Real estate investors often use the term mezzanine loan to mean different things. And the distinction between mezzanine loans and preferred equity isn't always clear. Many times investors use the terms interchangeably. Mezzanine loans and preferred equity interests are both forms of investment in commercial properties; they are favored by investors, particularly institutional investors, that want a fixed, or at least floored, return and priority as to both their return on and return of investment.
Mezzanine Debt is generally a loan that is secured by a property and senior to any equity, but junior to the senior loan on the property.
Preferred Equity, on the other hand, is an equity investment in the property-owning entity. It is not secured by the property but rather by an interest in the entity investing in (or owning) the property.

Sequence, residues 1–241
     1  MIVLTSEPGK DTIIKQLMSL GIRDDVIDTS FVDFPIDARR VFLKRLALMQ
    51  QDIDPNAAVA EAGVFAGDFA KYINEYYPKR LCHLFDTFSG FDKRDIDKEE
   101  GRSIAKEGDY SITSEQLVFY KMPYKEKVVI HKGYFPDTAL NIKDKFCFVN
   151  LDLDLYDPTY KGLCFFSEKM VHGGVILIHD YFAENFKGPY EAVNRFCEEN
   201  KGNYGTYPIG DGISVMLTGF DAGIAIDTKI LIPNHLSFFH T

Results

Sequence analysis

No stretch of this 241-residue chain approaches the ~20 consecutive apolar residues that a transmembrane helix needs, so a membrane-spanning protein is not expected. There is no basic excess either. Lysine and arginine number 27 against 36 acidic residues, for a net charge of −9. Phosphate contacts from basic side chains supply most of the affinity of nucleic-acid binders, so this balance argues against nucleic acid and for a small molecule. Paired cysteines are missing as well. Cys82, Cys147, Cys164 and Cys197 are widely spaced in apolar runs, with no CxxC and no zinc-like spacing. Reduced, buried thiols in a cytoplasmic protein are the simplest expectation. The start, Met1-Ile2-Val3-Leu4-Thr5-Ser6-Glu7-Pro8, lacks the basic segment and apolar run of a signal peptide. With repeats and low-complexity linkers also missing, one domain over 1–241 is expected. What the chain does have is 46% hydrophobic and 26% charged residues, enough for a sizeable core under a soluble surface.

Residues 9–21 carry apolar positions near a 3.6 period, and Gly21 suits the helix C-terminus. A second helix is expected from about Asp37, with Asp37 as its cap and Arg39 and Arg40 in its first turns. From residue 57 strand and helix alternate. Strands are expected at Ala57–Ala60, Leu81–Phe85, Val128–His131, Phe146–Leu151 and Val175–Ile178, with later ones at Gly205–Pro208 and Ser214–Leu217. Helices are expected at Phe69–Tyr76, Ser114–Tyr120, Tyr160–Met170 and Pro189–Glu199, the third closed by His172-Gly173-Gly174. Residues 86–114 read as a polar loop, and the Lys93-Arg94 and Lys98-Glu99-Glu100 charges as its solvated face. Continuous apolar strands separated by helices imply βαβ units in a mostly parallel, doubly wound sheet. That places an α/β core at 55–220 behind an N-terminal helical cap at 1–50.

Mezzanine Debt is an effective tool to provide sponsors higher levels of leverage at less cost than pure equity. In return, investors get a higher yield for their additional risk in a subordinated position.
Preferred Equity provides a coupon return, similar to debt, and in some cases may provide the investor with upside potential, in the form of a kicker, of remaining equity.
Mezzanine debt and preferred equity can -- and often do -- have similar terms and conditions; nonetheless, institutional and other real estate investors appear generally to regard mezzanine debt as an intrinsically better form of investment than preferred equity.